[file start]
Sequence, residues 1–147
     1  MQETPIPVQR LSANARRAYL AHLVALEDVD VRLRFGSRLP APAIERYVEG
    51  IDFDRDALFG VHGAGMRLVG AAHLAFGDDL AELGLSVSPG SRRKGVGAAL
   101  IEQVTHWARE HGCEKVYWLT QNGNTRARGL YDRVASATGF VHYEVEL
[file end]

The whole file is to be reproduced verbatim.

Sequence, residues 1–147
     1  MQETPIPVQR LSANARRAYL AHLVALEDVD VRLRFGSRLP APAIERYVEG
    51  IDFDRDALFG VHGAGMRLVG AAHLAFGDDL AELGLSVSPG SRRKGVGAAL
   101  IEQVTHWARE HGCEKVYWLT QNGNTRARGL YDRVASATGF VHYEVEL